BiologyFinalStudyGuideCh8on.pdf Biology 103
Popular in Introductory Biology I
verified elite notetaker
verified elite notetaker
verified elite notetaker
verified elite notetaker
verified elite notetaker
verified elite notetaker
Popular in Biology
This 8 page Study Guide was uploaded by Alicia Muir on Wednesday August 3, 2016. The Study Guide belongs to Biology 103 at George Mason University taught by Gwendolyne Y Fondufe (P) in Summer 2015. Since its upload, it has received 16 views. For similar materials see Introductory Biology I in Biology at George Mason University.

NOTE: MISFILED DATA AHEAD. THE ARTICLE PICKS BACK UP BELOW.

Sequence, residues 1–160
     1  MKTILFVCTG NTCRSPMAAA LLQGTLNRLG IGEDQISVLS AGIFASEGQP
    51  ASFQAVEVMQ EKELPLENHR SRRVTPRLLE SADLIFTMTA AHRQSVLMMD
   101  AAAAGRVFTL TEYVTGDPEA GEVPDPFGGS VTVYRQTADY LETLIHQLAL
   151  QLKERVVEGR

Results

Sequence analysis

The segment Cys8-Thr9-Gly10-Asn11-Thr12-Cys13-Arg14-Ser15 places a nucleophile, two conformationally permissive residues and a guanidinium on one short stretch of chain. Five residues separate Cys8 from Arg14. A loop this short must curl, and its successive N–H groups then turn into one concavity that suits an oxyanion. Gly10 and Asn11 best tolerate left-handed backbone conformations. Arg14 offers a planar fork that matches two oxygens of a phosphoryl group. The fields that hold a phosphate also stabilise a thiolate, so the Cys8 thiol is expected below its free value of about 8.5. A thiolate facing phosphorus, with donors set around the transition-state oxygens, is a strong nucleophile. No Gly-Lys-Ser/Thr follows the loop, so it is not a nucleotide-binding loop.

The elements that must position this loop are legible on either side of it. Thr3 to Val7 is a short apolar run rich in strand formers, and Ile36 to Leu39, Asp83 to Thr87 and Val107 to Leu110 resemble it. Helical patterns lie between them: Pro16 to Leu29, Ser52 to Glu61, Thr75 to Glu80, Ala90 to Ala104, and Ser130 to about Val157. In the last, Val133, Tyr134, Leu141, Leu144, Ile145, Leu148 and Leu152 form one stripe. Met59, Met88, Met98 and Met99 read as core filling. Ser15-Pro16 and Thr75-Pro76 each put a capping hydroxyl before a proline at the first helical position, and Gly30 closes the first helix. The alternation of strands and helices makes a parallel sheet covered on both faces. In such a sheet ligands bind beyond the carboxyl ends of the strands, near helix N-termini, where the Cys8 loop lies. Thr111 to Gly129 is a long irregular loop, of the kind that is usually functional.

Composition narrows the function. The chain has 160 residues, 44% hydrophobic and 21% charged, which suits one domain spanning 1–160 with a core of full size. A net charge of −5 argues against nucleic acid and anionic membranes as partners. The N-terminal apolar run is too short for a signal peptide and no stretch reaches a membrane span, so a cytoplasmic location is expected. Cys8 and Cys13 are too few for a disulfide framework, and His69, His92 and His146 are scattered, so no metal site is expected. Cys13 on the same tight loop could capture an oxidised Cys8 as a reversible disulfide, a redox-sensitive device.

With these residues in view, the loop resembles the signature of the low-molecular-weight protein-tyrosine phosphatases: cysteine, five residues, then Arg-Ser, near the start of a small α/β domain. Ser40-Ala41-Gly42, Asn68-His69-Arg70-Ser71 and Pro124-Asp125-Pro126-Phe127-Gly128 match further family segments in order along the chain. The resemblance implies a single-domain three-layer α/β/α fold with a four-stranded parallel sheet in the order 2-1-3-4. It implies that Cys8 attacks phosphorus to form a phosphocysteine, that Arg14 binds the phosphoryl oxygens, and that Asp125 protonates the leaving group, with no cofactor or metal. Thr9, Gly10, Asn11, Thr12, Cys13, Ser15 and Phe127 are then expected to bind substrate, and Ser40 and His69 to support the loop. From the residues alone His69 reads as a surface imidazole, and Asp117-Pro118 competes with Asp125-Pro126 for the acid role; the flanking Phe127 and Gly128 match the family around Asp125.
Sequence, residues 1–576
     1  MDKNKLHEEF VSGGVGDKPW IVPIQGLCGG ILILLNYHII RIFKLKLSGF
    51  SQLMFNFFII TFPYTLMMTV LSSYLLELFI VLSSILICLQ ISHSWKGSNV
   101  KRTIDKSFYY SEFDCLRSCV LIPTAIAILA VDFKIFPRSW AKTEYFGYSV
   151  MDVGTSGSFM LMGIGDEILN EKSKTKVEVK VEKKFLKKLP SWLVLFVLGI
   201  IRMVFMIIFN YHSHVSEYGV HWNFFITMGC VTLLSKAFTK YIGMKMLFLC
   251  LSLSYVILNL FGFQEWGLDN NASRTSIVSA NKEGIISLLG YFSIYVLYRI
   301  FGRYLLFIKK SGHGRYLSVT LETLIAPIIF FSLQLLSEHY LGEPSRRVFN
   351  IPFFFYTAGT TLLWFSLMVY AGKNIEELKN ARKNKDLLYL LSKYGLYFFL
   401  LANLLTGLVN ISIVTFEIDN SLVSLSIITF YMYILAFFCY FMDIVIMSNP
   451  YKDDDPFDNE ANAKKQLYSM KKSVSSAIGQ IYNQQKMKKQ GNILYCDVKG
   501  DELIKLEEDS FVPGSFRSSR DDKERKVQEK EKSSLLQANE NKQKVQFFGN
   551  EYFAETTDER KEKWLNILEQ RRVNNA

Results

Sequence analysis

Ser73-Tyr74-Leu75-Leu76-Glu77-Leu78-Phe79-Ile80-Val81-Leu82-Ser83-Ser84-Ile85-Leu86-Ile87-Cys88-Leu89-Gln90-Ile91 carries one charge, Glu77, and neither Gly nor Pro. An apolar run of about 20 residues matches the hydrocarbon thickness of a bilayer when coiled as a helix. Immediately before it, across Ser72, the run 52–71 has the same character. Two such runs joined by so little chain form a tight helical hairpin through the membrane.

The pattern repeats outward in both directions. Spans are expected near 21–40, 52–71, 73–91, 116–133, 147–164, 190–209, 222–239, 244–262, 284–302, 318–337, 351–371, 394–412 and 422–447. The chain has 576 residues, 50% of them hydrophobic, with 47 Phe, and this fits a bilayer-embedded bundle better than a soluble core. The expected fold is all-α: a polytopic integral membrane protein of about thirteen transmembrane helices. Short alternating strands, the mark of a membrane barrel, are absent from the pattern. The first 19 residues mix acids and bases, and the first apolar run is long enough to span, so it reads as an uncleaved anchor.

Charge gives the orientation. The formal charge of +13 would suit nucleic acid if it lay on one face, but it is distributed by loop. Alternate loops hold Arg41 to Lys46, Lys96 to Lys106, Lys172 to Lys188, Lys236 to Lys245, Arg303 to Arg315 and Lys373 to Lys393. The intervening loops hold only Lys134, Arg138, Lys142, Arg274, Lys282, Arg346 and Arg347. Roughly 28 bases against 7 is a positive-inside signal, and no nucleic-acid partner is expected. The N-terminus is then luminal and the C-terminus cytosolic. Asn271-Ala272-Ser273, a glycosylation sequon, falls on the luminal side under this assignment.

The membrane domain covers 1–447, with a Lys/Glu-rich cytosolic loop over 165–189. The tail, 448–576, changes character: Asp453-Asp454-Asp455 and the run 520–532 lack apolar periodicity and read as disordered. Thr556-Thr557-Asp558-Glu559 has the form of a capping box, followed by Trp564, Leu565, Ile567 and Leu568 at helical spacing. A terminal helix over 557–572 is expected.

Reviews for BiologyFinalStudyGuideCh8on.pdf
Report this Material
What is Karma?
Karma is the currency of StudySoup.
You can buy or earn more Karma at anytime and redeem it for class notes, study guides, flashcards, and more!
Date Created: 08/03/16